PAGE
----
Professor Adam Cohen, Co-Head Tutor
Professor Rachelle Gaudet, Co-Head Tutor
The Chemical and Physical Biology (CPB) concentration provides students with a broad foundation in the physical and life sciences. This concentration is designed for students interested in applying quantitative tools, physical concepts, and chemical principles to the study of biology.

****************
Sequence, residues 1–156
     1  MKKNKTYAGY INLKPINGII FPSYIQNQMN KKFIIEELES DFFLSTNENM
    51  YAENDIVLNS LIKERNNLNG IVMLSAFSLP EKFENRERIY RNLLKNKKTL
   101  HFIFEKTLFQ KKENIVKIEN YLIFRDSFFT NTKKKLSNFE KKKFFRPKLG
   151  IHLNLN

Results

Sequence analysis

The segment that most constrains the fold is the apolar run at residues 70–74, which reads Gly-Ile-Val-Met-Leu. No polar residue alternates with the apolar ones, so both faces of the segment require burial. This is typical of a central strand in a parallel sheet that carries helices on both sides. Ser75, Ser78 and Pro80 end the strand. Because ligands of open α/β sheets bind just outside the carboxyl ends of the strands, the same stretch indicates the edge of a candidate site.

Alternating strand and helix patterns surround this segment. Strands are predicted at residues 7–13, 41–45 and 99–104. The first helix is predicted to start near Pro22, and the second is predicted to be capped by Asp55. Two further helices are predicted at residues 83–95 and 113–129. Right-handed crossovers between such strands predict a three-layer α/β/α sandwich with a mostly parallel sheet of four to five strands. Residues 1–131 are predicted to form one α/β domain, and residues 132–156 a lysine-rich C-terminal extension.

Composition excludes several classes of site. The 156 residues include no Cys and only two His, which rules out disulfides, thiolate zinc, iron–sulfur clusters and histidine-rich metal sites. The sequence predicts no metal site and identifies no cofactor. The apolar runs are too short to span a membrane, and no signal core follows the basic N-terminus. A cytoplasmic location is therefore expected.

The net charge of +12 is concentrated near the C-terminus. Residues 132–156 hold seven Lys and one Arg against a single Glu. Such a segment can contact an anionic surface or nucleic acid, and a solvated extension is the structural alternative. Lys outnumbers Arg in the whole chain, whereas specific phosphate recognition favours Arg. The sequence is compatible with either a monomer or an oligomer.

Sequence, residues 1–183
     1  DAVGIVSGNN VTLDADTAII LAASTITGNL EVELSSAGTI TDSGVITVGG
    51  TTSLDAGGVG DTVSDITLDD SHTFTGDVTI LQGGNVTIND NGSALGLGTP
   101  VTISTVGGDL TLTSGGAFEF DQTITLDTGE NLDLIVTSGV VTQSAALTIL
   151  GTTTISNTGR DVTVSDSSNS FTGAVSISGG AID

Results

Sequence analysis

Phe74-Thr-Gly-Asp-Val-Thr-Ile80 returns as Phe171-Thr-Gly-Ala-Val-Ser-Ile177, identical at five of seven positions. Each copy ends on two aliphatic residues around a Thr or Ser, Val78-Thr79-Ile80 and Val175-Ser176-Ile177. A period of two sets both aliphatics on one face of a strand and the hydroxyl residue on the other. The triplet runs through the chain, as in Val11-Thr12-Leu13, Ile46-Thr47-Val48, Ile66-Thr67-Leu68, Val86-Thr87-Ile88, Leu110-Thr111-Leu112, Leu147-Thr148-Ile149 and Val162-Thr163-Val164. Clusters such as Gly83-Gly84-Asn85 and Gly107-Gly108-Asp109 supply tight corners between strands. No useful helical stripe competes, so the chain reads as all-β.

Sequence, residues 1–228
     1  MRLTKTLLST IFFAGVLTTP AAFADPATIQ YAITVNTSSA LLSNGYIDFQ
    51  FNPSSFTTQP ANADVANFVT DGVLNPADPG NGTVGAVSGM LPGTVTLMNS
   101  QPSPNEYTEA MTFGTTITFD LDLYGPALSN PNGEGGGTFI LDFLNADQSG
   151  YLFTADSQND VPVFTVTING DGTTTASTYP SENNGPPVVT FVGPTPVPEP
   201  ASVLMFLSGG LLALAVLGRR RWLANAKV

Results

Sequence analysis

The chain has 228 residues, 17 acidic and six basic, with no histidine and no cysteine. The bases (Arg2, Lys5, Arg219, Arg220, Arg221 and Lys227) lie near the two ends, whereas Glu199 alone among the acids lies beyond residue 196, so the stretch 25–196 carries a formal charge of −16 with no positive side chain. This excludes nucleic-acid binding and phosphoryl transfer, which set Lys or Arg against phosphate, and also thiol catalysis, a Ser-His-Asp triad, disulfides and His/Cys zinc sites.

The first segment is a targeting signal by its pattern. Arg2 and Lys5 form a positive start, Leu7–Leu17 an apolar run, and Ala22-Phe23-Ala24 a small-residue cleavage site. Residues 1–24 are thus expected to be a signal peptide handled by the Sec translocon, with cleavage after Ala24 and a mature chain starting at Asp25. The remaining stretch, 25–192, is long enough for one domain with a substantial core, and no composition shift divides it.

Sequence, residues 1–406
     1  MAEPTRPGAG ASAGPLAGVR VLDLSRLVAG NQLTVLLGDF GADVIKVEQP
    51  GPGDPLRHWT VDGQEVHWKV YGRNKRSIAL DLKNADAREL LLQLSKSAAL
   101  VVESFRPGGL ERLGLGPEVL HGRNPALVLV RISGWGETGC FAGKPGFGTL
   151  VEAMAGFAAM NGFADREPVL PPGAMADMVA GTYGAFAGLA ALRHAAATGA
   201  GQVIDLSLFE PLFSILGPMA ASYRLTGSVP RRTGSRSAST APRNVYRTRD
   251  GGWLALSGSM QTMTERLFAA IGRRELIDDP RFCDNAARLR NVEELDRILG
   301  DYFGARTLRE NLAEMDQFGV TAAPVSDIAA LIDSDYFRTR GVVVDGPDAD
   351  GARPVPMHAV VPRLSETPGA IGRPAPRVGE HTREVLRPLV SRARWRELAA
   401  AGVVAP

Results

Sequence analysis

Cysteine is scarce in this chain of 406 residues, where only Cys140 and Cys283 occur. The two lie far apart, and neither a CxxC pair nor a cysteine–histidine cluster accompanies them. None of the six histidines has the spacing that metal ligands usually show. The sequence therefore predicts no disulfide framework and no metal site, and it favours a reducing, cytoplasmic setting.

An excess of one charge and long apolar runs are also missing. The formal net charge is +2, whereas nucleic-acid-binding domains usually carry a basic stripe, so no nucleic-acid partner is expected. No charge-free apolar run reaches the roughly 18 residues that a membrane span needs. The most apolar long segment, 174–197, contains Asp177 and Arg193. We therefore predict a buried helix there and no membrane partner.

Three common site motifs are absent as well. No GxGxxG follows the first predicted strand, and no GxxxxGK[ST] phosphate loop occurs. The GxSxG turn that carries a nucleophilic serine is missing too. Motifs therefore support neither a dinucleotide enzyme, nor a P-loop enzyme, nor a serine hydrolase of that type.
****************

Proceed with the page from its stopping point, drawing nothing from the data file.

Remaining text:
Remarkable progress in the last four decades has revealed the atomic structure of proteins, enzymes, and genes; the nature of the genetic code; and how genes can be turned on or off in response to the demands of the environment. As our understanding of fundamental biological processes has increased, so has our appreciation that the focus on information transfer through nucleic acids provides an inadequate basis for understanding living systems. The activities of proteins are regulated by post-translational modifications—chemical changes in protein structure—and are affected by small signaling molecules. Dissecting metabolic pathways and reconstructing cellular networks requires supplementing the traditional arsenal of molecular, genetic, biochemical, and cell biological techniques with advances in chemical and physical methods that make it possible to characterize the state of a biological system under a given set of conditions. Chemical and physical biology provides a link between classical approaches to studying biology and the chemical tools and physical methods required to understand dynamic changes in complex biological systems.